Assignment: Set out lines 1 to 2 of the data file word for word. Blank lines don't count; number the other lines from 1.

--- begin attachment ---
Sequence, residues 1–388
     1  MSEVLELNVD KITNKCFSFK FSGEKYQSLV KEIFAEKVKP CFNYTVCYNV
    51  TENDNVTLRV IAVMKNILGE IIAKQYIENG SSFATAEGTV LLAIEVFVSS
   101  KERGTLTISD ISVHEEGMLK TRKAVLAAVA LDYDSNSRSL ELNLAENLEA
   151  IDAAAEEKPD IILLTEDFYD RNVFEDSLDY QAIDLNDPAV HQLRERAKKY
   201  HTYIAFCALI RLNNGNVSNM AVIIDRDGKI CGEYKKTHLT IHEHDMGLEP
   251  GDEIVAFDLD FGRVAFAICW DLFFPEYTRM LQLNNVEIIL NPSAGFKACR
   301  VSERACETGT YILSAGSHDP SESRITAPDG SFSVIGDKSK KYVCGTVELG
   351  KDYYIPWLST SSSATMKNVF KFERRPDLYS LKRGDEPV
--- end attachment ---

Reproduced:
Sequence, residues 1–388
     1  MSEVLELNVD KITNKCFSFK FSGEKYQSLV KEIFAEKVKP CFNYTVCYNV